As part of our ongoing efforts to help former female inmates who were sexually abused at jails and prisons, Levy Konigsberg is actively investigating claims involving sexual abuse at the California Institution for Women (CIW) in Chino.

New California laws have expanded the rights of sexual abuse survivors to file claims for financial compensation. There are many different laws that apply to sexual abuse cases in California. Contact us today to learn about your legal rights, even if the sexual abuse occurred many years or even decades ago.

If you were sexually abused by a corrections officer, prison staff member, or volunteer while serving a sentence at CIW, you may be entitled to compensation – and our team at Levy Konigsberg can help. Call (800) 315-3806 or contact us for a FREE consultation.

Staff-on-Inmate Abuse at California Institution for Women (CIW)

California Institution for Women (CIW) is a women’s state prison operated by the California Department of Corrections and Rehabilitation (CDCR).

Although its mailing address lists Corona, a city in Riverside County, CIW has been physically located in Chino since 2003, following an annexation of land in unincorporated San Bernardino County. The prison was originally opened in its present-day location in 1952 as the California Institution for Women at Corona and was the only women’s prison in the state until 1987.

Like other jails and prisons in California, CIW has a dark history of rampant sexual abuse and harassment committed by guards and prison staff against female inmates. This is illustrated by years of criminal cases against corrections officers, civil lawsuits, and numerous substantiated claims. Some examples include:

  • In 2017 alone, three corrections officers at CIW were terminated and charged with felony sex crimes for sexual contact with inmates at or near their housing units. The officers were Robert Darrow, who was charged with assaulted an inmate in May 2017, Officer Tony Garcia, who forced an inmate to perform oral sex on him in her cell that same month, and Officer Stephen Merrill, who groped two female inmates after entering their cell at 3:30am on October 30, 2017. Merrill and Garcia pleaded guilty to their charges.
  • In July 2016, a former female inmate filed a federal lawsuit against the California Department of Corrections and Rehabilitation over allegations that she was sexually assaulted repeatedly by a CIW correctional officer over the course of six months. According to the federal complaint, the Officer, Michael Ewell, “had a history of sexually assaulting women” that was well known to the CDCR. Ewell was reportedly terminated in May 2015 after working at CIW for two years.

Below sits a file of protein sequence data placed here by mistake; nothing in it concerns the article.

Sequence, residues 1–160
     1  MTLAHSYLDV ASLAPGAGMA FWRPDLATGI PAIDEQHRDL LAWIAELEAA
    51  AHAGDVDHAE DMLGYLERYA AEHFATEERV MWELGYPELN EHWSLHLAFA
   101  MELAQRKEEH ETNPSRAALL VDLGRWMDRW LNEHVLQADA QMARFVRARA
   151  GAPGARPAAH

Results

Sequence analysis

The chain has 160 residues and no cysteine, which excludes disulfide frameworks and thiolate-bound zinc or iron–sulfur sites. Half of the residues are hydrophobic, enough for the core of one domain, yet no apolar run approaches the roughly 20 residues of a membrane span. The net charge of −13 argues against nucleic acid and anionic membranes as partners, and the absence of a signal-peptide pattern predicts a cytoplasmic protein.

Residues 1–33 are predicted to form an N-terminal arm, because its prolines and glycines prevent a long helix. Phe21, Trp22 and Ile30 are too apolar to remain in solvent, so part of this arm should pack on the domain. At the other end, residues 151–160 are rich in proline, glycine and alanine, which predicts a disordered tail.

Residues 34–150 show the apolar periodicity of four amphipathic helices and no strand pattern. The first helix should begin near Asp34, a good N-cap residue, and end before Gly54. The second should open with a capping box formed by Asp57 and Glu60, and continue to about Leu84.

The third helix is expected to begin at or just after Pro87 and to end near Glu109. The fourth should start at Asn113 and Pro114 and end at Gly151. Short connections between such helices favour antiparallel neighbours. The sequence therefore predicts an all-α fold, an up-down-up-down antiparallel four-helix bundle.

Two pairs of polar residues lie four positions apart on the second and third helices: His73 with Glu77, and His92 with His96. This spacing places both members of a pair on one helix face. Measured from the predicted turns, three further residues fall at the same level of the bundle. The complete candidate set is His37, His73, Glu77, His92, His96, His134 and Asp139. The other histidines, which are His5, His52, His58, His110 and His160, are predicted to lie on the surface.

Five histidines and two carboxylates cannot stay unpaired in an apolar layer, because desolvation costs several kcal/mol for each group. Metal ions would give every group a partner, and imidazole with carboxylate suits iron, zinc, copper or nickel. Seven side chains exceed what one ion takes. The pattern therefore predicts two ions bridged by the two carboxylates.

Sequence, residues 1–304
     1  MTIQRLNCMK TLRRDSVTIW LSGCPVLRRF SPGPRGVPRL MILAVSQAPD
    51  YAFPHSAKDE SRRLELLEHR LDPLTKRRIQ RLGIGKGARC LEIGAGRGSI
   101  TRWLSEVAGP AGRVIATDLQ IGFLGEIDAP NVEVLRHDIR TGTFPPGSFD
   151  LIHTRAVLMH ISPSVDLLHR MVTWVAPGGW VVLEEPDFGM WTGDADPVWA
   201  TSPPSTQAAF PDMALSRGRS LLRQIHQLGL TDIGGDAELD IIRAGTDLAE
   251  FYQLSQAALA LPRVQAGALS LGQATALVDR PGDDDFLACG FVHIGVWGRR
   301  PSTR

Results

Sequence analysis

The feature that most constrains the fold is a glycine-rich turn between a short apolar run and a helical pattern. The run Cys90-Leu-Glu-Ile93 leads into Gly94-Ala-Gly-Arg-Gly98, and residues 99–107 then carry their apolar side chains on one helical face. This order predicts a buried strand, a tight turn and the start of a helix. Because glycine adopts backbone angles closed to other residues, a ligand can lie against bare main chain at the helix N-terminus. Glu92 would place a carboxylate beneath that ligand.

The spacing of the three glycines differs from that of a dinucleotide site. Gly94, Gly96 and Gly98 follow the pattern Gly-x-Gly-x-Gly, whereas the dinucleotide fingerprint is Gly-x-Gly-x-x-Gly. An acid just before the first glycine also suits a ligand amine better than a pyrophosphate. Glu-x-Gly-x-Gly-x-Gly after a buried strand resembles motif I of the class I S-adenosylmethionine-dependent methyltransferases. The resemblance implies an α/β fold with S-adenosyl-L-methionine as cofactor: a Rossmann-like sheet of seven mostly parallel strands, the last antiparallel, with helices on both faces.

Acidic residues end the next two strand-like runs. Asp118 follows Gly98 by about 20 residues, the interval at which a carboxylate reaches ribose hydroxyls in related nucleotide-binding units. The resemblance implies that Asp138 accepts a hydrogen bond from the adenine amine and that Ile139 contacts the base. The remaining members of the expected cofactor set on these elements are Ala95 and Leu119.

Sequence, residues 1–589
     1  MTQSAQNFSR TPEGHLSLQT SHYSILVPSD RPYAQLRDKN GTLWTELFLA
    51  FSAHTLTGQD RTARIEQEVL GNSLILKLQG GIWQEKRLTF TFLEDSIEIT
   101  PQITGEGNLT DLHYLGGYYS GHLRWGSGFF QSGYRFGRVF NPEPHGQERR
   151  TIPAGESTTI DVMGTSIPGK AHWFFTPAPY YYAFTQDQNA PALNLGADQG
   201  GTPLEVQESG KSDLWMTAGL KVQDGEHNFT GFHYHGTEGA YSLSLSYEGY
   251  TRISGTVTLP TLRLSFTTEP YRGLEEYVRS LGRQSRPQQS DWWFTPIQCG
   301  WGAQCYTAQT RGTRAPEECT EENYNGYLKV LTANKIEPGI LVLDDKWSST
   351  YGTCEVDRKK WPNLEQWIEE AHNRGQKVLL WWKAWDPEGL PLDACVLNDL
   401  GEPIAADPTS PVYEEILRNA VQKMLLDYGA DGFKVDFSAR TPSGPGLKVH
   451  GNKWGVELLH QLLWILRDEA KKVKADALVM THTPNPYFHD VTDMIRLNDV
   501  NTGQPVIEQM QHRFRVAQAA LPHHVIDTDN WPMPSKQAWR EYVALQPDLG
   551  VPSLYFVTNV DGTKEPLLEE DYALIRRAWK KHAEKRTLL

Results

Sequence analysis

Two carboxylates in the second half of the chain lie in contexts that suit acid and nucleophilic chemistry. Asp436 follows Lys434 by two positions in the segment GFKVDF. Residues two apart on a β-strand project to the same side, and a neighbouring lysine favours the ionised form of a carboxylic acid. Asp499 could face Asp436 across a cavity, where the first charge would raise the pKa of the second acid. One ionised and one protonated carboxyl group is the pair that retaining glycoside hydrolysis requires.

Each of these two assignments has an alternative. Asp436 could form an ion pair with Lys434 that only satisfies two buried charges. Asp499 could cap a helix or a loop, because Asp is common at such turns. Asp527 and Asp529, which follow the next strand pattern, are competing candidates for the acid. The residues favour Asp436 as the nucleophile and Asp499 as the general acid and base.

• In 2012, two women filed a lawsuit in court alleging that prison officials failed to protect them from sexual abuse by guards while they were incarcerated at CIW in 2010. The suit claimed that former CIW warden Guillermo Garcia ignored multiple complaints that Officer Gary Swatzell was assaulting several female inmates and that, in retaliation for reporting his misconduct, Garcia ignored a complaint from a lieutenant who claimed she was also assaulted by Swatzell. Swatzell impregnated one of the inmates and was later charged and sentenced to two years in jail.
  • In 2017, two important rulings were handed down in the case of the 2012 lawsuit mentioned above. This included a Ninth Circuit Court ruling that former warden Garcia was not immune from liability for failures to prevent repeated sexual abuse at the hands of prison guards, and a ruling from a California federal district court imposing sanctions against prison officials for failing to properly respond to the two plaintiffs’ discovery requests. This included the CIW and the CDCR claiming that Garcia’s file had been shredded despite it being subject to a litigation hold and Garcia himself testifying that he voluntarily retired, when in fact he was involuntarily terminated due to his mishandling of sexual misconduct cases at CIW.

California Institution for Women (CIW) Sexual Abuse Lawsuits

The passage of new laws in California may provide new opportunities for victims of sexual assault and abuse to file civil lawsuits that may have once been barred by the statute of limitations. Your options for pursuing justice and compensation under California’s new sexual abuse law will depend on the facts of your case, and particularly when the abuse occurred. Given the limited amount of time for victims to pursue legal action, we strongly encourage former CIW inmates with potential claims to reach out to our team as soon as possible.

Leaders in Fighting for Abused Female Inmates

Levy Konigsberg is a U.S. News “Best Law Firms” ranked trial firm that’s recovered over $3 billion in compensation for clients. Now, we’re leading the fight for former female inmates who were sexually abused at jails and prisons in California, New York, and other states across the country.

Thanks to new laws that could allow survivors to step forward with claims that may have been barred by expired statutes of limitations, we represent a growing number of women who were abused and assaulted by corrections officers and other jail or prison staff members during their incarcerations.

Our work in this area includes:

Our team is highly experienced at litigating these challenging and important cases, and has the resources to take on powerful institutions, corrections departments, and state defense attorneys. If you have questions about our work and how we might be able to help you with a CIW sexual abuse claim, call (800) 315-3806 or contact us online for a FREE consultation.